As the Vatican's spokesman Fr. Federico Lombardi held a press briefing today on the Pope's upcoming U.K. visit, he explained that there is much more to the Holy Father's schedule than what is mentioned in the official itinerary. The additional details include a welcome by bagpipers in Scotland, a gathering with young people and a possible meeting with sex abuse victims.
Fr. Federico Lombardi held a press conference on Friday in which he highlighted major events, and listed some interesting and, perhaps, lesser known elements to be included in the Pope's Sept. 16-19 journey.
On the first day, next Thursday, the Holy Father will meet Queen Elizabeth II at her summer residence near Edinburgh. Fr. Lombardi confirmed that to mark his arrival and the coinciding celebration of St. Ninian's Day, hundreds of bagpipers will parade and play their instruments in the streets. Mass will be held in Glasgow that evening, after which the Pope will head to the Apostolic Nunciature in London, where he will stay for all three nights.
The following day, Fr. Lombardi said that Benedict XVI's "very intense and very rich" schedule will include ceremony to mark the 70th anniversary of the bombing of London by Nazi Germany and a meeting with four former prime ministers—Margaret Thatcher, John Major, Tony Blair and Gordon Brown—after a meeting with civil society in Westminster Hall.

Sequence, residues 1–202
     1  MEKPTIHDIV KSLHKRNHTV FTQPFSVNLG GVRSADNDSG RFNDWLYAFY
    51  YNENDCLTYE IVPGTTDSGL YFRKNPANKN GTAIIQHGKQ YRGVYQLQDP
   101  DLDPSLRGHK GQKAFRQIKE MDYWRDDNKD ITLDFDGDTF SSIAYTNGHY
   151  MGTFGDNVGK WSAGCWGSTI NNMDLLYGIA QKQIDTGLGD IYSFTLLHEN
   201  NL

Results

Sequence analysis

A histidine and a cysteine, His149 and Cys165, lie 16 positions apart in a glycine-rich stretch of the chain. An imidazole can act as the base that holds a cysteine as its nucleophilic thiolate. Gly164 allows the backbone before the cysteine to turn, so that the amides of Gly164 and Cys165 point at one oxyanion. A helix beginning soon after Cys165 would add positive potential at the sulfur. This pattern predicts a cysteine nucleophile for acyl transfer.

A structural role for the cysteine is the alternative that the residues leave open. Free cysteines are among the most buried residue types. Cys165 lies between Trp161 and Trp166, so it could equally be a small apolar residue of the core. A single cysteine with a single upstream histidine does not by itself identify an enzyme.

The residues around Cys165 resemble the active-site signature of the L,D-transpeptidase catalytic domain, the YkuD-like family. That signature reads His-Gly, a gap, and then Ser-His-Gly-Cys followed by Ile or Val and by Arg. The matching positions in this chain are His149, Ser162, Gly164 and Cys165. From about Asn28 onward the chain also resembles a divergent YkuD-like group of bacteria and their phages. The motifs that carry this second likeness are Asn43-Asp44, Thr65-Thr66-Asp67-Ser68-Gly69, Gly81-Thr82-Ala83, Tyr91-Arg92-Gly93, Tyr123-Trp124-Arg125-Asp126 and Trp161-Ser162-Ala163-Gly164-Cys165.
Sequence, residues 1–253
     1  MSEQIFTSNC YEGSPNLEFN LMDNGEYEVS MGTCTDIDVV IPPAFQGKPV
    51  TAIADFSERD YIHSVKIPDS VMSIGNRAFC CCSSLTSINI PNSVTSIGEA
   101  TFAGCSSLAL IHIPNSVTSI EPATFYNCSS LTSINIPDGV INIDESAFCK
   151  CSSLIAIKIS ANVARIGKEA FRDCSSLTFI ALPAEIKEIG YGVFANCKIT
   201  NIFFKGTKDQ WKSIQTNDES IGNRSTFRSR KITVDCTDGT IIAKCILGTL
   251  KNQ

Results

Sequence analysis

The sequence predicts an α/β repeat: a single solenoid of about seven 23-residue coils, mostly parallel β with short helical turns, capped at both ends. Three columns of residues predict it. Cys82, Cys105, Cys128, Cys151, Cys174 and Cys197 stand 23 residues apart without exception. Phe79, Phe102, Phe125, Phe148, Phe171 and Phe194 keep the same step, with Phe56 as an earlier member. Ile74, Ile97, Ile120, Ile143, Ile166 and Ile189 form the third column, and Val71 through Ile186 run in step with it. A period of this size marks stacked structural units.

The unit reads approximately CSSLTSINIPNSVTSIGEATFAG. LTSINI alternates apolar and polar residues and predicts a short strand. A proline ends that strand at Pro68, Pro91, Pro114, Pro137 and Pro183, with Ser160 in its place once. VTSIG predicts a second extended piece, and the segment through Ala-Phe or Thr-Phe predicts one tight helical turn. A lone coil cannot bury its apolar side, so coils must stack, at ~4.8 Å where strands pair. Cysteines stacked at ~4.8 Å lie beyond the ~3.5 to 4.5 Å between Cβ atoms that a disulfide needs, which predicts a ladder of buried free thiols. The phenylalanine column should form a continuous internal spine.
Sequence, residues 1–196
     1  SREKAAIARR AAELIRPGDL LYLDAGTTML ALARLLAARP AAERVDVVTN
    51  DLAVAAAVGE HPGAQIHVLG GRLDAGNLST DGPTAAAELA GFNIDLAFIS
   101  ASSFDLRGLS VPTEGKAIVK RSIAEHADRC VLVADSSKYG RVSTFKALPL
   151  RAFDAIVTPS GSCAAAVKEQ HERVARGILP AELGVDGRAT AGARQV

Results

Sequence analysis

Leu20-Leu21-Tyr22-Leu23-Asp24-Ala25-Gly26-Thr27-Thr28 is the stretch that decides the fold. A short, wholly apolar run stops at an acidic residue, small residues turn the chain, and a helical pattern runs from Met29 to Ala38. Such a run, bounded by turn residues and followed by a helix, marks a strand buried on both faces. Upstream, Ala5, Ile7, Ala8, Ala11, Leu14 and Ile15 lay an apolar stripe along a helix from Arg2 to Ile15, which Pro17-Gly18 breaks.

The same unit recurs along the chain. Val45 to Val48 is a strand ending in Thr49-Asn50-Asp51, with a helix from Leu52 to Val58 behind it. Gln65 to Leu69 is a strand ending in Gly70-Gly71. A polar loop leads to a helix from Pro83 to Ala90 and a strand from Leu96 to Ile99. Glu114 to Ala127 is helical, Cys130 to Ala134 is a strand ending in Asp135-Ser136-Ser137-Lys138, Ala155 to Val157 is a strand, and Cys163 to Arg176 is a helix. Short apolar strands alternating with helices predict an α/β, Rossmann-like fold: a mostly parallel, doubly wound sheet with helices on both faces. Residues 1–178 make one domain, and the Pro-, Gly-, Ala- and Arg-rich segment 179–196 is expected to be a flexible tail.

Later, although the Pope will not take part, Fr. Lombardi said a dinner will be held so religious, civil and political leaders can meet to speak of matters of "common interest." The conversations will include the themes of climate change, education, disarmament/non-proliferation, health and the future of Europe.
On Saturday, after Mass at Westminster Cathedral in the morning, the Holy Father will meet with young people and Catholic pilgrims from Wales. The recitation of the evening prayer later in Hyde Park is being held by special decree from the local government - normally the city does not allow religious celebrations there. These "vespers," said the spokesman, usher in the start of "the Newman event."
Commenting on the final day of the visit, Fr. Lombardi highlighted that organizers were fortunate to have use of Cofton Park for Cardinal Newman's beatification. It was an "optimal solution" for the question of where to hold the Mass because it's located near Cardinal Newman's grave at Rednal and is also much more aesthetically agreeable for a religious celebration than the Coventry Airport.
Fr. Lombardi said that there will be other encounters, which are not traditionally announced on the schedule. Among possible audiences, he said, could be a meeting with victims of sexual abuse by clergy.